In 1621 the old village church of St. Victor en Gezellen ('St. Victor and company') of Afferden was confiscated to serve as a protestant church, despite the fact there was only a handful of protestants. The catholic population of Afferden resorted to churches in the free catholic enclaves Megen and Ravenstein, except for a short period of religious freedom under French occupation in 1672-1674, when the old church was catholic once more. After the French had left the protestant rulers returned, the catholic religion was banned again and the priest was put in jail before being banished. But somehow the protestants had learned that oppressing the catholics had not helped, and that tolerance was a better way to keep the catholics loyal. In ca.1710 they allowed the catholics to build a barn church on the border between Afferden and Deest, a village that had always been a part of the Afferden parish.
In 1801, during a second occupation by the French, the old church was restituted to the catholics. However, it was only used on Sundays and holidays, the barn church on the other side of the village still being used on all the other days. In 1833 the barn church was falling apart while the old church was too small and needed maintenance. A new church, this time recognizable as such, was built near the barn church, and when it was completed the barn church was torn down and the old church was abandoned. In 1838 it was demolished with the exception of the tower.
In 1858 Deest had become a seperate parish, and this left Afferden with a church located at the edge of the village. In 1886 a plot of land on a more central location was purchased. In 1890 architect Carl Weber was commissioned to design a new church, with the explicit instruction that it had to be a cruciform basilican church in neo-Gothic style. This was not simply a matter of taste. By that time Weber's style had moved away from straight neo-Gothic, The architect, at that time almost 70 years of age, had recently earned a reputation with several impressive, but very costly, dome-churches in neo-Romanogothic style which were a far cry from the neo-Gothic, in some ways even early neo-Gothic churches of the first three decades of his career, like te church of Puiflijk a few kilometers to the west.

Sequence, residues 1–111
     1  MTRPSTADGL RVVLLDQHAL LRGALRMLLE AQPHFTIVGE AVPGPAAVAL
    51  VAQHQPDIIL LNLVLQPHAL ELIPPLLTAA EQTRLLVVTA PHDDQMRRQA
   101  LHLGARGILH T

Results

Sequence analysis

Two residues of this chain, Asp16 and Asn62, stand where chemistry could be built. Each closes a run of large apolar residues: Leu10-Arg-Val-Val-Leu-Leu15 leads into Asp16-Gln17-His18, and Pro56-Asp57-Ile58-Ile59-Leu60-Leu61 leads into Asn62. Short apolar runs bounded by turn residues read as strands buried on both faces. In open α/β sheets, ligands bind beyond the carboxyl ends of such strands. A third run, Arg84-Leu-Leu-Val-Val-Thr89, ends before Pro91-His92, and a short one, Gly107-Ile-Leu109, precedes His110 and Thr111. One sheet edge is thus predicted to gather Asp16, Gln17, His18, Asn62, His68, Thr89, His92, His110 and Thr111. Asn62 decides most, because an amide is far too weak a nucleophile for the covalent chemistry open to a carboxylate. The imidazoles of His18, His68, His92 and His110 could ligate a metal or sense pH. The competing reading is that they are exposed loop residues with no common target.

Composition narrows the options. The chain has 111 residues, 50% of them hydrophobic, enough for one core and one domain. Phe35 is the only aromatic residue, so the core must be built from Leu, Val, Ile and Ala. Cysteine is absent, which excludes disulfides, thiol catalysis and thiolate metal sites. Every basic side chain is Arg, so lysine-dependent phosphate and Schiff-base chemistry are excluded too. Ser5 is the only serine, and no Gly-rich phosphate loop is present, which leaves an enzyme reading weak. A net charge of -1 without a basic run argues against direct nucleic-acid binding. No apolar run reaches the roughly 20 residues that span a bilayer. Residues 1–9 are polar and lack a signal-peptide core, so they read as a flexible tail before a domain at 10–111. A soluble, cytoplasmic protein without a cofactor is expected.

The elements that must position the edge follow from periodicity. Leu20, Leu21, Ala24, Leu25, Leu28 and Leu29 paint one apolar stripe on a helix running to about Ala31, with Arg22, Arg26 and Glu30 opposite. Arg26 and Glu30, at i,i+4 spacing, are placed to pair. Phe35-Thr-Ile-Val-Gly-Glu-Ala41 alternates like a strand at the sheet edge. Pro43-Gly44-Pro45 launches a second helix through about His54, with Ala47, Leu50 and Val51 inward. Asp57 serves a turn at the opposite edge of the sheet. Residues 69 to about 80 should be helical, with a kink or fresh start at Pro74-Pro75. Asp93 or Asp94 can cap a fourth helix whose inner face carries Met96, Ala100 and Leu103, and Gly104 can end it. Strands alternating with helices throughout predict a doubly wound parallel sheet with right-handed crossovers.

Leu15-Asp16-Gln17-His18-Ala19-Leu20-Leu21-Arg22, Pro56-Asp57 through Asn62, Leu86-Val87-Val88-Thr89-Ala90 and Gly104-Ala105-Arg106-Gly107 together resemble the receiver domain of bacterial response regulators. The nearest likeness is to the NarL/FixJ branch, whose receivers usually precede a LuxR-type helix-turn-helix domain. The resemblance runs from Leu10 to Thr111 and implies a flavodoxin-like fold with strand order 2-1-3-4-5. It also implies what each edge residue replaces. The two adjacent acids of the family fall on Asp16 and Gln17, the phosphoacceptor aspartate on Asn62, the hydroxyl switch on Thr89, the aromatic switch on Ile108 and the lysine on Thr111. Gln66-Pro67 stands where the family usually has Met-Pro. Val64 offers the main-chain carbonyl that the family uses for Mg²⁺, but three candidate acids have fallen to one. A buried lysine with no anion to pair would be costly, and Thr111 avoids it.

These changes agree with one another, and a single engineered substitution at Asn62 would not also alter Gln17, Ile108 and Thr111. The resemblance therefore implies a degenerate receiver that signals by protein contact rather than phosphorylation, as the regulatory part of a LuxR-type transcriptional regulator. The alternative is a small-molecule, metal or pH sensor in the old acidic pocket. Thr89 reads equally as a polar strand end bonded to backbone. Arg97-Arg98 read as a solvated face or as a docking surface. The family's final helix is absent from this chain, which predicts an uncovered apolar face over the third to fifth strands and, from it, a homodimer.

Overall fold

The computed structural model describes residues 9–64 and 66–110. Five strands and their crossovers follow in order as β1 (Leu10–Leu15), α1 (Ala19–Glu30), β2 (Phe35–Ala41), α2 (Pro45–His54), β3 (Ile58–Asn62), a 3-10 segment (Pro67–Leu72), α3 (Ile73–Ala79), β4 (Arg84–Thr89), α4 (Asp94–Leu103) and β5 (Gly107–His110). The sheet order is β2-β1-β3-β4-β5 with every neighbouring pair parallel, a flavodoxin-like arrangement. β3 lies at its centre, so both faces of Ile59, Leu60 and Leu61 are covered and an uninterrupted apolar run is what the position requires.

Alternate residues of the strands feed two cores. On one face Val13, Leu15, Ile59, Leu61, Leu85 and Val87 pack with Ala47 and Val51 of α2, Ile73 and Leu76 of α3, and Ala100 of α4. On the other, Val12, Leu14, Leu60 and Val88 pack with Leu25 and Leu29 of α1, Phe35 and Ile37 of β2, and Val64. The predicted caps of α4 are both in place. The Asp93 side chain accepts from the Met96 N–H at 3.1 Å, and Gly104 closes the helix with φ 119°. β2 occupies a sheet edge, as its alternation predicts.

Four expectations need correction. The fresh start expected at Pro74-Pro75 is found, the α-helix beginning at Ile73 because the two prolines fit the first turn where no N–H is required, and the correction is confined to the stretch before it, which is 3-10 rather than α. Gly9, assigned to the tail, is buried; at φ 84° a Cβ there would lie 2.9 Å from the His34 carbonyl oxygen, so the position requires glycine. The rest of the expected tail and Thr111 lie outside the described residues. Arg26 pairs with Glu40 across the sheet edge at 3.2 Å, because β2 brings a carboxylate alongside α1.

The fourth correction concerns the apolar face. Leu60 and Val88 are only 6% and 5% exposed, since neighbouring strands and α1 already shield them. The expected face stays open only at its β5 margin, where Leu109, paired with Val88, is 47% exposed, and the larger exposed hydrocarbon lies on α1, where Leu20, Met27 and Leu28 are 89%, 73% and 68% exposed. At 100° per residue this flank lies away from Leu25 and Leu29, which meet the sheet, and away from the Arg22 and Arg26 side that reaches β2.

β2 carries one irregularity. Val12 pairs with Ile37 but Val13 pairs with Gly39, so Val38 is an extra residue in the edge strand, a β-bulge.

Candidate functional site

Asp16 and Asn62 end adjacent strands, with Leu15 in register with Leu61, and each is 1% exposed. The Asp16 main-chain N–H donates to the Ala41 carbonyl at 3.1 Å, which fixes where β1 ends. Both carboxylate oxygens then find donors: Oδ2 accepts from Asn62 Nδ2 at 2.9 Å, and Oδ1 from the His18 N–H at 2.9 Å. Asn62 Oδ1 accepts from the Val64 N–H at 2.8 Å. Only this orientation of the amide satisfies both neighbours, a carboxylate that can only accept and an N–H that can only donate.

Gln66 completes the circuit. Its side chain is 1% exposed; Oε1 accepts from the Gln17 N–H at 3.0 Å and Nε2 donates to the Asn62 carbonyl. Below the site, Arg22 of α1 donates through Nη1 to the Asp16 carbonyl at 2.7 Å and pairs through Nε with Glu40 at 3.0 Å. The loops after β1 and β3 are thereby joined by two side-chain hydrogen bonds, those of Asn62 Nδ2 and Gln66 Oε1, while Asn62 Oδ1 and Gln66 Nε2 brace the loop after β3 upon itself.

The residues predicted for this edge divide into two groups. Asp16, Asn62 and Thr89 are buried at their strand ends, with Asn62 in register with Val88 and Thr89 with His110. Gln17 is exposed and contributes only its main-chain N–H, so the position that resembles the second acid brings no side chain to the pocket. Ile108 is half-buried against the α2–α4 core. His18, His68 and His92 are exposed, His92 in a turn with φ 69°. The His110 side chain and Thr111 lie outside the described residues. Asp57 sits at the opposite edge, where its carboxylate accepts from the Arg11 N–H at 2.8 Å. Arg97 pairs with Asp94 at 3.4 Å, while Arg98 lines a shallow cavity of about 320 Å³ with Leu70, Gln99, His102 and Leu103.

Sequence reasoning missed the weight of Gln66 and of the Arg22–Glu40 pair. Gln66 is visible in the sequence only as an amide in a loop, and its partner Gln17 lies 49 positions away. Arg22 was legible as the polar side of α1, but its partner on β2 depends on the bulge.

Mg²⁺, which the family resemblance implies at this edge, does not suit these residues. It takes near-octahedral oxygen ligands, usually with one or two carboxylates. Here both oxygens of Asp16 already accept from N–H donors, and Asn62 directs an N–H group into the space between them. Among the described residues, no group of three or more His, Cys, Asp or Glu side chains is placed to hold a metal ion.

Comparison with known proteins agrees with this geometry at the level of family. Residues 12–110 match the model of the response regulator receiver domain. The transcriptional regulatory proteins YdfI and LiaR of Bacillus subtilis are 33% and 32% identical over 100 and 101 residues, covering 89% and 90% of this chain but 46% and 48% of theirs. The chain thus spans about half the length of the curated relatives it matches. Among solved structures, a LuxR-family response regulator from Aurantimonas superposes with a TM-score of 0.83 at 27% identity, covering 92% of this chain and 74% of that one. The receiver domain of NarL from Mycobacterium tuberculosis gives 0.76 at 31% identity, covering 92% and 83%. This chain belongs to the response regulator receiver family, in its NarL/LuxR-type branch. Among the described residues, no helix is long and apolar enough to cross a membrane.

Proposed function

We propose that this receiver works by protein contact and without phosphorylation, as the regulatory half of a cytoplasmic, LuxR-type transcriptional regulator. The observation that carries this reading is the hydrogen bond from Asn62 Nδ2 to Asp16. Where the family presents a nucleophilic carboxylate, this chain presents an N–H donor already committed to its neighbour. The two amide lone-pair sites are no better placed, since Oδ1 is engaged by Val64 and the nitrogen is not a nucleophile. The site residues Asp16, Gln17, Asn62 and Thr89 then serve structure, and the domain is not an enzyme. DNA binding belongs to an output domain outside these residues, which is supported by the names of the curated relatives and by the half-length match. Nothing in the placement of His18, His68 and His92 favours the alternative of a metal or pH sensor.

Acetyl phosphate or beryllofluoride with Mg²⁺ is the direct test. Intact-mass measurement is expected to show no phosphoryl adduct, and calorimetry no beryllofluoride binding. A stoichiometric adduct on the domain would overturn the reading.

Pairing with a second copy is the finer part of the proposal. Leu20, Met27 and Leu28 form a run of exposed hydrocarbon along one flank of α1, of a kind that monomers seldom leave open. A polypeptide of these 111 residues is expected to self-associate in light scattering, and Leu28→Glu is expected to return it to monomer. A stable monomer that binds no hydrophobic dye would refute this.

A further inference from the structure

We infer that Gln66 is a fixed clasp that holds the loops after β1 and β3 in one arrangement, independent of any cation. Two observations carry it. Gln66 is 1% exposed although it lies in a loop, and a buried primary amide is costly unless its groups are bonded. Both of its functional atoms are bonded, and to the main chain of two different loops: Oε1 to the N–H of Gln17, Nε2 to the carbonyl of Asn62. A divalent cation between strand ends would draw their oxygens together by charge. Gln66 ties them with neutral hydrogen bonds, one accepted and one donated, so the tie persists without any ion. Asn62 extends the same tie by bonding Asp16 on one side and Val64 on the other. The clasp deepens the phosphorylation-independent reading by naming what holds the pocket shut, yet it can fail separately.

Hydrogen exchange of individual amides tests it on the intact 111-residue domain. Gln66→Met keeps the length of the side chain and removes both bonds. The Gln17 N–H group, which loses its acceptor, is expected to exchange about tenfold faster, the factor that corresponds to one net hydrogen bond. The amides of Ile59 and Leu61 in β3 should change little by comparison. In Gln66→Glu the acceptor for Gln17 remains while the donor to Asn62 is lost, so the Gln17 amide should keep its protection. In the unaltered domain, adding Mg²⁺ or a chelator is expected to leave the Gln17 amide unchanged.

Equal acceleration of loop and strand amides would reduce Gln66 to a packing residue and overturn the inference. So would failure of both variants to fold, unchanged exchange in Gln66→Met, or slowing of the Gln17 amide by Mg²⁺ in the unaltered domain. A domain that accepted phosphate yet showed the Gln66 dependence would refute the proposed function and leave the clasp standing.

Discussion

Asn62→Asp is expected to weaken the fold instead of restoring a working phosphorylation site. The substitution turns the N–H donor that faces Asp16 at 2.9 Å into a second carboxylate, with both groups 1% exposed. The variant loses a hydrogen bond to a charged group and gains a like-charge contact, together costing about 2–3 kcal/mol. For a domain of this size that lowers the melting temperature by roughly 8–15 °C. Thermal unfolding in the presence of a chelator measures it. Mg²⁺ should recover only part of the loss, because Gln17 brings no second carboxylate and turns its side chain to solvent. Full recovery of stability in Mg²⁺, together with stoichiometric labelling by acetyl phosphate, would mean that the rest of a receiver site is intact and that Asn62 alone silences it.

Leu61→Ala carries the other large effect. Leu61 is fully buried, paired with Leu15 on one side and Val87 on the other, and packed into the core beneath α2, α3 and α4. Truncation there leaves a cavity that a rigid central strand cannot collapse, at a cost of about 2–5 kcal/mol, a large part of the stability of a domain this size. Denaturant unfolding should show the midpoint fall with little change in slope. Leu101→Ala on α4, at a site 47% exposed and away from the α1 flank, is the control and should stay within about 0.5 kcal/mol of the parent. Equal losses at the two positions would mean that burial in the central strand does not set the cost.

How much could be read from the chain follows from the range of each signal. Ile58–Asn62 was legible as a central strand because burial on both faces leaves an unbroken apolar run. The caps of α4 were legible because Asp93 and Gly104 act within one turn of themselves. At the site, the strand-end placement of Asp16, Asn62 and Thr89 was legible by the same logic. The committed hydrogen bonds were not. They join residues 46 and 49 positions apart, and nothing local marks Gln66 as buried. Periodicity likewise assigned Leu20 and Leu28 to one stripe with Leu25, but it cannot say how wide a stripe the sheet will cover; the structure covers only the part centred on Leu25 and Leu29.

Weber delivered what he was asked, but did incorporate some Romanesque elements. Although the St. Victor is a cruciform basilica and is mostly neo-Gothic on the outside, the interior shows major influences of Romanesque, like the alternating piers and columns. Details on the tower are close to Romanesque and more in line with Weber's other work of that time. The cloverleaf shape ground-plan of the transept and choir is basically late-Romanesque and refers to the Munsterkerk in Roermond.
To compensate for the absence of a dome and double towers, Weber built a tall church. The single tower was meant to become the tallest of the area, higher than the 62 metres tall tower of the church of nearby Druten. But despite warnings by the locals, Weber gave the tower insufficient foundation, and already after it reached 17 metres it began to sink in the unsteady ground. Although the construction was strengthened there was no money left to complete the tower. Instead, it was raised to the same height as the nave and covered with a flat roof, never to get a spire.
The last mass in the church was held in October 2016. A few months later it was bought by a Buddhist foundation, which turned it, together with the presbytery, into a monastery.
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